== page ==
Dandelion is a plant with yellow flowers.Taraxacum officinale is the most common variety of this plant, and it grows in many parts of the world.
Although considered a weed by many, Botanists consider dandelions to be herbs. People use the leaves, stem, flower, and root of the dandelion for medicinal purposes.
It has a rosette base producing several flowering stems and multiple leaves. Dandelions have a toothy, deeply-notched, basal leaves that are hairless.
Dandelion Medicinal Benefits
All parts of the plant can be used as a natural medication. The most healing properties being in the roots. The plant is high in calcium, iron, vitamins A, B, C and D chlorine, protein, and it is also one of the best sources of natural potassium.Dandelions are widely regarded as weeds but have been studied for multiple medicinal properties, including potential antiviral effects.Research indicates that dandelion may combat hepatitis B, HIV, and influenza .One study noted that dandelion extract inhibited the replication of dengue, a mosquito-borne virus that causes dengue fever.
Dandelion Culinary Uses
Leaves can be added to a salad or cooked. They can also be dried and stored for the winter or blanched and frozen. Flowers can be made into juice, or added into many recipes. The root can be made into a coffee substitute. The root and leaves can be dried, stored and made into tea.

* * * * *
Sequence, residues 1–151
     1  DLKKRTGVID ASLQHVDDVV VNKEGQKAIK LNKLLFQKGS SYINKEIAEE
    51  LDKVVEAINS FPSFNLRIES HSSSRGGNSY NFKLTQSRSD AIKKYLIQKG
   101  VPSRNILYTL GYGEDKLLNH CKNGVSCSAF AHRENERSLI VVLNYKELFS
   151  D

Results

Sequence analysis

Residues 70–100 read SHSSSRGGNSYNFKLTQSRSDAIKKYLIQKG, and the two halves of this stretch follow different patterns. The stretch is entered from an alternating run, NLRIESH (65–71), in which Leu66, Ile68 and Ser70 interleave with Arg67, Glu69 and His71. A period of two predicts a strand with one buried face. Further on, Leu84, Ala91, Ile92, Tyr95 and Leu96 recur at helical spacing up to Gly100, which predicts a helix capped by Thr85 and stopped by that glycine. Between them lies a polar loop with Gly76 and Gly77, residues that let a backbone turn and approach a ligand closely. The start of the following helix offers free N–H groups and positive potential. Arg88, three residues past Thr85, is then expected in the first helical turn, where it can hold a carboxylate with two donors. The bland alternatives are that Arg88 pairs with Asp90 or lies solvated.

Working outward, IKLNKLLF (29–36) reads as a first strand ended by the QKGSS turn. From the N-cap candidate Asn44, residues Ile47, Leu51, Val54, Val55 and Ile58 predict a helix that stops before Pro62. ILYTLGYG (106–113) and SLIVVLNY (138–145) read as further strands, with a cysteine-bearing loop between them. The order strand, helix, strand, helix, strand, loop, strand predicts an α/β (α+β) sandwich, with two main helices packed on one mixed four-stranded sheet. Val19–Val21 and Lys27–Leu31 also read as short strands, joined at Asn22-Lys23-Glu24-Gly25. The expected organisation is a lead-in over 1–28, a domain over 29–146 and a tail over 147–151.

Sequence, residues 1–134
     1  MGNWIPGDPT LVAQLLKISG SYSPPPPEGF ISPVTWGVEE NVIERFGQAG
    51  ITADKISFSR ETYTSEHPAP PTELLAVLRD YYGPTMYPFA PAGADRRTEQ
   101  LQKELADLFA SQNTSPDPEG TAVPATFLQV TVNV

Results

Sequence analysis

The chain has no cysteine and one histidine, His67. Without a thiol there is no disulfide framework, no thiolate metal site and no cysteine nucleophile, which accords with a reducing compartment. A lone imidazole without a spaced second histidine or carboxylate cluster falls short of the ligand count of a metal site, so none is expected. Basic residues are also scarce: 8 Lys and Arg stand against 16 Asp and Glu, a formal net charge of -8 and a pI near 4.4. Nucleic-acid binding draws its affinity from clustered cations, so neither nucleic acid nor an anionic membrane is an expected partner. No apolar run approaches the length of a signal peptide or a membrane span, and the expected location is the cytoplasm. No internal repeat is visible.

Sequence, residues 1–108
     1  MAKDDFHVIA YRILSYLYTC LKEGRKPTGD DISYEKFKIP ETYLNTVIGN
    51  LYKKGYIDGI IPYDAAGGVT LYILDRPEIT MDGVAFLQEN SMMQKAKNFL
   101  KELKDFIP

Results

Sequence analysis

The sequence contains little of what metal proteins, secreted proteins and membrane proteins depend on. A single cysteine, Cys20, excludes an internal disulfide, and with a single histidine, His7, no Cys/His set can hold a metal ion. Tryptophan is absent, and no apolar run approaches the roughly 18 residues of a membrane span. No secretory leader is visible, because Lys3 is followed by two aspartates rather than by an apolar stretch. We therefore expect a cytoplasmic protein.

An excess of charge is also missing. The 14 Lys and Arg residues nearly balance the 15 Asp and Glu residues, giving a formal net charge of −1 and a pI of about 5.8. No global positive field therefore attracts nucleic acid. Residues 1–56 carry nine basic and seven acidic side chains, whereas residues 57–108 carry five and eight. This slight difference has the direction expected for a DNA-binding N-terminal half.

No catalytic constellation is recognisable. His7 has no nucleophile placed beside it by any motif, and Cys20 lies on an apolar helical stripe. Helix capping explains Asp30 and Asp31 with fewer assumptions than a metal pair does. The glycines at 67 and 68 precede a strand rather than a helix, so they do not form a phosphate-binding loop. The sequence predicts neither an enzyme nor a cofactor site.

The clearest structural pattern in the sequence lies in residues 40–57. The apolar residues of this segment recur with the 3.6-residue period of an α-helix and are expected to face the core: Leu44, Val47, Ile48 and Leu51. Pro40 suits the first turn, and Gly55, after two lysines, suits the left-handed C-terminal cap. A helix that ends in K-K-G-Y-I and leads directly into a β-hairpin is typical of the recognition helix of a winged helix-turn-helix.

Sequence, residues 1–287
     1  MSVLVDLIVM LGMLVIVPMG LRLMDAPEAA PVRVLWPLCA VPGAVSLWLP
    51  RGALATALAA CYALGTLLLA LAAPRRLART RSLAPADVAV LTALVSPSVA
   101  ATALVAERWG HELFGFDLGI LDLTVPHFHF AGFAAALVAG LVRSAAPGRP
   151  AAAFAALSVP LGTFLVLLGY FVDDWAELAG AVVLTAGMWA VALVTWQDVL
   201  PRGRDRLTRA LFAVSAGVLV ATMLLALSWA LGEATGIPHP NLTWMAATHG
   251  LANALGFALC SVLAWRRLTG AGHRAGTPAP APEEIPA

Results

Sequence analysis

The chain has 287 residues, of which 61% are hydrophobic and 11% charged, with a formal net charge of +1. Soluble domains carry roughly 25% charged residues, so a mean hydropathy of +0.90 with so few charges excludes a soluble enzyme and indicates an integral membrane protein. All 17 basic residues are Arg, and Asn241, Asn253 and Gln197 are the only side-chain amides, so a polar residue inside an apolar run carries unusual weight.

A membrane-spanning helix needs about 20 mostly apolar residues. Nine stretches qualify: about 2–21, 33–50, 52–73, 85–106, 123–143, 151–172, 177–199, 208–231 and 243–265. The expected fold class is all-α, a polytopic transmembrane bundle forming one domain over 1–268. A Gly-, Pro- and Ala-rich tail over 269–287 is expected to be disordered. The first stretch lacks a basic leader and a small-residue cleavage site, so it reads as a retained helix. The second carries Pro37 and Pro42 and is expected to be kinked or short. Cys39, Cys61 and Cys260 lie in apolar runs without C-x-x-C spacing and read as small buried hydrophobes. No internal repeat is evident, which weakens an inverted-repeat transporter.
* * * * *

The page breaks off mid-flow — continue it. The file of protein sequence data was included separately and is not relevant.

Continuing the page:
- Seeds can be sown anytime from early spring to early autumn.
- To help boost germination rates, you can cold stratify your seeds in the refrigerator for a week or so prior to planting seeds of dandelion.
- Seeds require light for germination, so do not completely submerge your seeds into soil – just lightly tamp, or press, the seeds into the soil surface.
- Seedlings should appear within two weeks after sowing the seeds.
Information is for educational and informational purposes only and may not be construed as medical advice. The information is not intended to replace medical advice or treatment offered by healthcare professionals.